• My suggestion is along the lines of what Jenkins and Dambrot have said: "Ultimately, prevention of date rape may depend on widespread basic social change in attitudes toward sex roles, aggression and sexuality, and the expectations and rules of the dating game." (1987, p. 893).

  • Fitchen, et al. discuss the lack of education on "social perception skills," specifically within the realm of dating.

  • Sawyer, Pinciaro, and Jessell (1998, p. 53) recommend what should be included in this education of young men and women so they can avoid society's negative socialization. 

Communication skills must be taught, including issues related to sexual negotiation and gender differences.  Though most students do understand that "no" means "no," all other messages are not as clear-cut.  Thus, programs should stress that it is important to strongly state "no" when sexual intercourse is not desired, as well as the need to recognize that "ambiguous communication" or "no communication" should not be interpreted by either gender as consent.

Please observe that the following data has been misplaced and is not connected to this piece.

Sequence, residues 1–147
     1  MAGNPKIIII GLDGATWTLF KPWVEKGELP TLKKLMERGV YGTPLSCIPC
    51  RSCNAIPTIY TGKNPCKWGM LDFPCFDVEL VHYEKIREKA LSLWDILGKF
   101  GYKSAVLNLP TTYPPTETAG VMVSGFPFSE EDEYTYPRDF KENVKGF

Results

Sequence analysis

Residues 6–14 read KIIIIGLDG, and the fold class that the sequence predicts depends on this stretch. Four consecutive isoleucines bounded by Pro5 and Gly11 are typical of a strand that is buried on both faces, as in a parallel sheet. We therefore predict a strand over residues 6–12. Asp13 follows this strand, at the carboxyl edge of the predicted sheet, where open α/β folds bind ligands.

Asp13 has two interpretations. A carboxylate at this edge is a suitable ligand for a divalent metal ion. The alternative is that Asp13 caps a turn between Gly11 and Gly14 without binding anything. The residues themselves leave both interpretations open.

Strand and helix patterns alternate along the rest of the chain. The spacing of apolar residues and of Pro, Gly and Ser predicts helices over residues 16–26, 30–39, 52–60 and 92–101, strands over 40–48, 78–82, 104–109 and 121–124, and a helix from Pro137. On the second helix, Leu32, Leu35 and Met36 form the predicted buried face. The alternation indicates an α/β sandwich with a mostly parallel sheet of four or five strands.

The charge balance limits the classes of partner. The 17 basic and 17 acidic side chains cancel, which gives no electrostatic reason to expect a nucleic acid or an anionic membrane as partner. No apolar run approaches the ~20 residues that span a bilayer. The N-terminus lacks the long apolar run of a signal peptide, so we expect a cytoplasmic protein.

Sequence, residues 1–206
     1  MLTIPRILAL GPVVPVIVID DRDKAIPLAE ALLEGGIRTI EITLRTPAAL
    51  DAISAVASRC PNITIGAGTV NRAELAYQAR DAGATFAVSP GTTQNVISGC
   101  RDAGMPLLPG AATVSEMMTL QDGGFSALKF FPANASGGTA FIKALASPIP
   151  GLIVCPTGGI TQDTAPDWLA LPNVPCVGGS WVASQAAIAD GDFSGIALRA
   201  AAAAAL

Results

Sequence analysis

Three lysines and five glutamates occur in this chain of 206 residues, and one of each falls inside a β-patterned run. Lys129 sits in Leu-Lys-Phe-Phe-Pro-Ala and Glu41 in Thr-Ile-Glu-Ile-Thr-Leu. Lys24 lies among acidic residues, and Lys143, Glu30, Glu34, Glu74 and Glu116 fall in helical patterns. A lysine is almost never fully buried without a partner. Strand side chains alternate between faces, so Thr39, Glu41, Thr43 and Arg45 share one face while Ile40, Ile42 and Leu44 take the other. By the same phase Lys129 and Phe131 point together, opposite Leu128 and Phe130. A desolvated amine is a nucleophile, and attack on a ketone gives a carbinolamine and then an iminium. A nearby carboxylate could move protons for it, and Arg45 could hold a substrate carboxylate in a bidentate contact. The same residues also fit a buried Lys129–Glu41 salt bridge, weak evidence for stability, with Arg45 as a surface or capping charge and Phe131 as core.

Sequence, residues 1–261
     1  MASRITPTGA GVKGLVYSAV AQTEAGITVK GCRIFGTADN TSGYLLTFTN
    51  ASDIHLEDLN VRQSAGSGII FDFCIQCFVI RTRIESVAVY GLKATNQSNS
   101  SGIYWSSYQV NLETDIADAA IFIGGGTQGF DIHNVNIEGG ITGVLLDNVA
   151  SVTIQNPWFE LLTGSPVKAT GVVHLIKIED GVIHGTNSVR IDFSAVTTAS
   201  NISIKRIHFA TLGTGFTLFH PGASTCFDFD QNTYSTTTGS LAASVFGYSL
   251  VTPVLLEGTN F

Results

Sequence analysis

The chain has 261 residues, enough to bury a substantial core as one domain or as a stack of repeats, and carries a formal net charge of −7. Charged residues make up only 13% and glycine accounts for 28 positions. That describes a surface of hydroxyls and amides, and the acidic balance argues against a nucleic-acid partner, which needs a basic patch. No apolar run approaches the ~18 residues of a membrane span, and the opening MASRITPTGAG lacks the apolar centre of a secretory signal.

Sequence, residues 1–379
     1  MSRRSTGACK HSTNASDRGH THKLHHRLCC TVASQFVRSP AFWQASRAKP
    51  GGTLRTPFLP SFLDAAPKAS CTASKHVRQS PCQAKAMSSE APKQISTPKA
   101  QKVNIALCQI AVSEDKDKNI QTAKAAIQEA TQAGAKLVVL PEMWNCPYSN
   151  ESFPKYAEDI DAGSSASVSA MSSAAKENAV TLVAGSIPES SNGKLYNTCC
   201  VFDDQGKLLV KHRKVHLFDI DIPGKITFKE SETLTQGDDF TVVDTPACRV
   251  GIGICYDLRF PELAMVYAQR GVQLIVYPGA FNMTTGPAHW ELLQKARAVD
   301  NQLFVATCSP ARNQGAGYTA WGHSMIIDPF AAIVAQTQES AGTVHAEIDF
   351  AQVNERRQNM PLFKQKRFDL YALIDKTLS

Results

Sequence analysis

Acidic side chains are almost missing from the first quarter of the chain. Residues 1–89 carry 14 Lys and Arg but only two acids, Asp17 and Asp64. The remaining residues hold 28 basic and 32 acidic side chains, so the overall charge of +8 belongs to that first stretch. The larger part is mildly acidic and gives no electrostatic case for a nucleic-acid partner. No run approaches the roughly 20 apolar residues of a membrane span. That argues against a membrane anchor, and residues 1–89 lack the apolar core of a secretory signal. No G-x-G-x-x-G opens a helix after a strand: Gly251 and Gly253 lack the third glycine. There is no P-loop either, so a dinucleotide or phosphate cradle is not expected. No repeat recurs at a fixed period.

• A close friend and academic associate with an extensive background in K-12 education feels that parent associations would vehemently oppose an education like this, especially during elementary school.  They may mistake the program to be a vehicle to discuss and endorse sex among their children. 

  • An advocate would have to meet with parent associations to discuss the program and provide statistics about date rape and unreported estimates.  They would also need to create different versions of the program for children of different ages.

  • This recommendation of interpersonal communication education, although difficult to implement, would include Glaser and Strauss' (1967) "access variable" in shaping children's minds before negative societal influences do, and a "control variable" through which their education teaches appropriate male-female interaction.